What Really Makes You Rejoice?

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Series: Luke

What Really Makes You Rejoice?

February 24, 2019 | Randy Smith
Luke 10:17-24

What Really Makes You Rejoice?

Luke 10:17–24
Sunday, February 24, 2019
Pastor Randy Smith


 

I want you to seriously consider this question. What really makes you happy? Be honest with me. Over this last week, what has brought joy to your heart? What do you like to see every day that puts a smile on your face? What would you enjoy in the future that would cause your heart to sing?

According to the research I did, most humans agree that the following items will make them happy: Good or improved health, a romantic relationship, more money, weight loss, peaceful family relationships, genuine friendships, nice vacation and good weather.

I am not saying any of these things are evil. I am not saying any of these things don’t have a good effect on our mood. And I am not saying that we shouldn’t consider these special blessings and be thankful to God when they come. It’s fine to pursue them. And when we get them we should be grateful.

Most of the wholesome things that make unbelievers happy make believers happy as well. That is true, but that is also the problem. They live for these things. We don’t. They find their maximum joy in these things. We don’t. Their joy is tethered to these things. Ours isn’t.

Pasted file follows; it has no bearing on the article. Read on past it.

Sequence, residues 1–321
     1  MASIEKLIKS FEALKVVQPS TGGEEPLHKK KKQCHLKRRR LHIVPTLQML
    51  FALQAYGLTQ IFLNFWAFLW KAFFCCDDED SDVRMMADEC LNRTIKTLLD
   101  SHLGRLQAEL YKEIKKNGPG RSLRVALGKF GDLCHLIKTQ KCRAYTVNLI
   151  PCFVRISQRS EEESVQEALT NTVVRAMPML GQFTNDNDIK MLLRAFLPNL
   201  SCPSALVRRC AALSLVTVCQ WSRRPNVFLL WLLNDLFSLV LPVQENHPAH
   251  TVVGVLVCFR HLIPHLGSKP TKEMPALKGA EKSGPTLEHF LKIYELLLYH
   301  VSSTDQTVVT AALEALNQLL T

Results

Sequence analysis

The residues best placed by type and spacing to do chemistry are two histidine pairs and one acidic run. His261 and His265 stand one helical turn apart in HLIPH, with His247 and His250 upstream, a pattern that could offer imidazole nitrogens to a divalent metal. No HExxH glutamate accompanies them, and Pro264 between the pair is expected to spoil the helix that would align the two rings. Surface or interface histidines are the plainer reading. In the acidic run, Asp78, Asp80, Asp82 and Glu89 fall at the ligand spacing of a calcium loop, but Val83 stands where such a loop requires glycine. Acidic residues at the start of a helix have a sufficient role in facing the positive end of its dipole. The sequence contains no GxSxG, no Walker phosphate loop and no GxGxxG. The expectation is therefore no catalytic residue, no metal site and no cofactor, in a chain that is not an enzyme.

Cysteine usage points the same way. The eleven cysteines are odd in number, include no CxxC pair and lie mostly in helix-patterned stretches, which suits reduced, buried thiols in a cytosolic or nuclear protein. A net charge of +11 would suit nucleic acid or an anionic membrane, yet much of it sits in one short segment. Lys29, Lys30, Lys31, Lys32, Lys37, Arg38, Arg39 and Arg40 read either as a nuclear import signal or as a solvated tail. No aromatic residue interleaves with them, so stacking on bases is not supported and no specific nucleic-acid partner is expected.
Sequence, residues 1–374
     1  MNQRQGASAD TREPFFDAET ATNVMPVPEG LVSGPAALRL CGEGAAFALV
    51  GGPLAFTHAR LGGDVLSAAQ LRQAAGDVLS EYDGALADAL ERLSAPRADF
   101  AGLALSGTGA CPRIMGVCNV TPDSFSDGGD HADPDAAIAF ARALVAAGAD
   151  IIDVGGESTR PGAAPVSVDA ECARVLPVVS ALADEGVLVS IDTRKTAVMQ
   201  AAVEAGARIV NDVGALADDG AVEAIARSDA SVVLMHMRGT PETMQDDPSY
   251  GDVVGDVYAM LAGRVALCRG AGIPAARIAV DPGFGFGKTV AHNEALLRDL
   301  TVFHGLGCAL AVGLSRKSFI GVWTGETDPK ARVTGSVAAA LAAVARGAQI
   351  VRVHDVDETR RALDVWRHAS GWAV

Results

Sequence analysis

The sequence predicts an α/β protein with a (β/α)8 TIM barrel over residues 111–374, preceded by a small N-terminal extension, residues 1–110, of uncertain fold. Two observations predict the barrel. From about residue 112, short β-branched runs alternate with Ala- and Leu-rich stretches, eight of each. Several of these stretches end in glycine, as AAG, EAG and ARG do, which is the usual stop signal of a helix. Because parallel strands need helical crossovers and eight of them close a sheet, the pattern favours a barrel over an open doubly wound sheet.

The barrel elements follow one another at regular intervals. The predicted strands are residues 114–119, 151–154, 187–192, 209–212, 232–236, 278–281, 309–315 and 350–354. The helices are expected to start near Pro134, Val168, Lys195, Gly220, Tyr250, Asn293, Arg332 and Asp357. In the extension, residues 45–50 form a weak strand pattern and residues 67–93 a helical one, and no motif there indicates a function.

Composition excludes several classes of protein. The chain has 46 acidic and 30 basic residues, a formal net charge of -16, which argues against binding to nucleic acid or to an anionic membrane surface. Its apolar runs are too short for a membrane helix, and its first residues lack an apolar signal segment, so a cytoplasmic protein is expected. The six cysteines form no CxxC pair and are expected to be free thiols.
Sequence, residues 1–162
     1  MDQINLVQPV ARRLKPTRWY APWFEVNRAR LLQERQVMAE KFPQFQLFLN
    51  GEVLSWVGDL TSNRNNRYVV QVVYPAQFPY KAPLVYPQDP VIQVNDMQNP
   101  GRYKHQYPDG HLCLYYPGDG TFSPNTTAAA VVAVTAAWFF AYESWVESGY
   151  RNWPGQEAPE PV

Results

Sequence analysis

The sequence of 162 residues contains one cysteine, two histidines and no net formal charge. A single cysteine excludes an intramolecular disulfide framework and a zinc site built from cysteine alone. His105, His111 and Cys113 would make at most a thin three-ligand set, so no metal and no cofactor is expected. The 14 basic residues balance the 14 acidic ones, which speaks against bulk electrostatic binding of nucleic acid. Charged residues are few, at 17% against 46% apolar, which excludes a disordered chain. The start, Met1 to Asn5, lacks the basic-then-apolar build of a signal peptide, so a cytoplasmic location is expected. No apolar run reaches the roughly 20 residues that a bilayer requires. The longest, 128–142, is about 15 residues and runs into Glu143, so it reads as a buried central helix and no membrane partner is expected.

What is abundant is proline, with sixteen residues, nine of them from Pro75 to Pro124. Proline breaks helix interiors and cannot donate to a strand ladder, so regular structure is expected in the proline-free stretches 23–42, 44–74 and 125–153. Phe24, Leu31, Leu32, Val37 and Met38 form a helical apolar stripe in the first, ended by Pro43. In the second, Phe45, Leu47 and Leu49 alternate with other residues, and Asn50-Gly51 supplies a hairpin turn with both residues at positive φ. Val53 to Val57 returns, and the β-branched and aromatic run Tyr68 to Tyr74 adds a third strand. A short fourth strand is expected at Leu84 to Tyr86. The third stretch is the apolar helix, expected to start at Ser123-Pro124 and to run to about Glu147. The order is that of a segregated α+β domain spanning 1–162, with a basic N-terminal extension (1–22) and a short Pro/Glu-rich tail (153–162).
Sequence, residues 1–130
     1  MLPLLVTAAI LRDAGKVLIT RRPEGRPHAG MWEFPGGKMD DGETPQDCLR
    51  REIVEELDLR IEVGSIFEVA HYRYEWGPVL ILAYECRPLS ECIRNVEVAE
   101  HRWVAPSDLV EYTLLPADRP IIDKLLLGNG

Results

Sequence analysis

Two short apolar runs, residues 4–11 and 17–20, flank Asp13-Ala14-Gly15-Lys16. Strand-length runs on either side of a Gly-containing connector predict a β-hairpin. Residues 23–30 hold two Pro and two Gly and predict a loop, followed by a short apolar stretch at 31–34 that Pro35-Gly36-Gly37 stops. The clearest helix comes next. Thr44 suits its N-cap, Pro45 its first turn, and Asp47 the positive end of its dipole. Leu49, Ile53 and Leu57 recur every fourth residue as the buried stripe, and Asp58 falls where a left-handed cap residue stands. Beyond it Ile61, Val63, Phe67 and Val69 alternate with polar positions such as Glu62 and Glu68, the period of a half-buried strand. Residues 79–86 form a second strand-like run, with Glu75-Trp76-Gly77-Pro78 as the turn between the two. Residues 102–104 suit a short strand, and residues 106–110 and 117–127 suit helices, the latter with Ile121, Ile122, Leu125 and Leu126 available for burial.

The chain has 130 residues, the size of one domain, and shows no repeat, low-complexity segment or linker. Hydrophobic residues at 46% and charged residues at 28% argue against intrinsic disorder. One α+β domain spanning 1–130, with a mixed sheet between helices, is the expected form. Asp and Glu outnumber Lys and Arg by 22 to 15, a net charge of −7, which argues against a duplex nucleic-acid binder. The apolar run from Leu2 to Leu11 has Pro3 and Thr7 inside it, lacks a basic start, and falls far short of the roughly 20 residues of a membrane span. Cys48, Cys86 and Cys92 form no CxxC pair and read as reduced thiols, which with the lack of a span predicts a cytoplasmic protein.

As I studied our passage for this morning, I saw the theme of joy running through it. We see what made the disciples happy. We see Jesus tell them what should make them happy. And we see what made Jesus happy – as a matter of fact; it’s the only time in the Bible where it specifically says “[Jesus] rejoiced.”

Today we will unlock the biblical solution to unending joy. We’ll see what should make us happy. And we’ll see how our happiness can transcend circumstances.

Joy In Service (verses 17–19)

Let’s begin with the first point, “Joy in Service.”